Writers Worldwide Share Travel Secrets 2006
this yearly travel tip article is one of my most enjoyable assignments.
It provides me with the lovely opportunity to reconnect with female
journalists internationally -- the women I've chatted with by phone,
by email, and face to face. These are the friends who, over the
years, have kindly chosen to interview me and who've helped to spread
the word about journeywoman.com to their readers worldwide. Most
importantly they are my community -- the women I go to to learn
about the latest travel trends and to exchange bits of advice that
help to make us all better travel writers. The following is an excerpt
from a request letter that I sent to these journalists at the beginning
of the year. All the tips you'll read in this article are as a direct
result of that note. I'm extremely grateful to all these writers
for their women-centered wisdom and their generosity of spirit.
writing to you because I know and admire your work.
It's for this reason that I invite you to be part of
our 2006 edition of "Best Travel Tips by Female
Travel Writers/Editor Around the World." I hope
that you will join us.
year we invite select female travel journalists to submit
two short travel tips that will help women worldwide
to travel safely and well. These female-friendly pieces
of advice can be of your own choosing -- perhaps a favorite
hotel, bed and breakfast, hostel or restaurant, a favorite
book or bookshop, an obscure woman-friendly place you've
discovered, an excellent guide somewhere in the world,
advice on how to improve one's personal travel skills,
family travel, how to meet people along the way, culturally
correct advice especially for females, safety tricks
that work for you, etc, etc, etc.
exists and thrives simply because savvy women world-wide
are kind enough to share their travel expertise with
us. I do hope you join us with your unique point of
view. Thank you so very much in advance.
This, then is the response I received...
I know this is cheating, but you know when you are flying and the
big guy sitting next to you thinks it is his genetic right to colonize
the arm rest? Well, if you want it without the trouble of direct confrontation,
fake a few loud, wet coughs and sneezes. When he moves away to get
out of the contamination zone, make sure he sees you rest the hand
you just coughed into on the arm rest. That should sort that out nicely.
Paskal is a Travel Columnist, Toronto Star. Website:
Woman-friendly inn in Guatemala
a warm, friendly, and safe place to stay in Guatemala City, try Posada
Belen. Owners Rene and Francesca are women-traveler
oriented. They had a car and driver wating for me at the Aurora airport.
Guests get a free 5-minute call to the U.S. or Canada per day, and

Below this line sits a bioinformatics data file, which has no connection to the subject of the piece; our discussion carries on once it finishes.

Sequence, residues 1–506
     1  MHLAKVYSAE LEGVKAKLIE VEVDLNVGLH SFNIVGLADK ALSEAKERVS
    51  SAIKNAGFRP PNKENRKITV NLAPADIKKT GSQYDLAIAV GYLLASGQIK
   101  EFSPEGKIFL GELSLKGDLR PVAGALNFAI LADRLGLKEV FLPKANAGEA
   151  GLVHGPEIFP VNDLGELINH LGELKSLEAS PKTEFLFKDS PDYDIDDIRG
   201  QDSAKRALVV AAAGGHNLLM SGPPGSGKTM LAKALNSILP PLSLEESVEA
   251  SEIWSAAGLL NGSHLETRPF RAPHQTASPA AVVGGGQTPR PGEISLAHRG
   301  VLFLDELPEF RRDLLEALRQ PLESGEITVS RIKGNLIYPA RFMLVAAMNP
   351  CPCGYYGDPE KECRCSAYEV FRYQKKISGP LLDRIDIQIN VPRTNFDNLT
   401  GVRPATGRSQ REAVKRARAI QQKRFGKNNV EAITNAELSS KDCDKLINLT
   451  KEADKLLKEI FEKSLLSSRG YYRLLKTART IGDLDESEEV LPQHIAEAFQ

Internet access is $1 per half hour. The 1873 inn is an old colonial
home with a tiny, plant-packed patio, complete with 6 live woods turtles.
Best of all, it is a 'museum hotel,' with hundreds of Mayan artifacts
on display, all tagged and inventoried. The food is superb. Room prices
are $36 a night(3/06), not the $107 in the sterile Zone 10, hi-rise
hotels. Website: http://www.posadabelen.com.
Floridian Sandy Huff
is an internationally published travel and outdoor writer, with over
1100 published articles in 120+ publications. Her book "Paddler's
Guide to the Sunshine State" covers 236 waterways
around Florida, with tips on how to survive and thrive despite wind,
sunburn, cross currents, and even alligators.
on Hawaii’s Big Island...
With a longstanding
addiction to sleeping with history, I unerringly head for Shipman
House in Hilo whenever I visit Hawaii’s Big
Island. Rescued in the early 1990s from sad decline of both house
and estate garden by the great granddaughter of the original Shipmans,
this turreted mansion combines traditional 1899 Victorian elegance
with a distinctly Hawaiian signature. Reflecting the host, Barbara
Ann’s passion for historical accuracy and her own playful
nature, the five guest rooms and public areas are each unique with
family stories lovingly researched and antiques galore, including
a full-size grand piano played by the deposed last Queen of Hawaii
during her regular Shipman visits. Breakfasts are always gourmet,
often featuring family recipes, and one evening a week there are
genuine Hawaiian hula lessons with live music on the wrap-around
Alison Gardner is
a Canadian travel journalist, editor of Travel
with a Challenge. Website: www.travelwithachallenge.com
and author of 'Travel Unlimited: Uncommon
Adventures for the Mature Traveler'.
Take your baby
Being a new mother
doesn't mean you have to stop travelling. In fact you'll have an
easier time, in some ways, travelling while the child is less than
two years old than with an older one. Why? They fly to most places
for free (or for a steep discount); and you don't have to worry
yet about planning a vacation that will interest them. So pack those
diapers and hit the road.
is an America travel journalist. She appears weekly on CNN's
Headline News discussing travel trends. Watch out
for her new series -- The Pauline
Frommer guidebooks which will be in bookstores July
2006. Website: http://www.Frommers.com
More juicy pages 2/3/4/5/6/7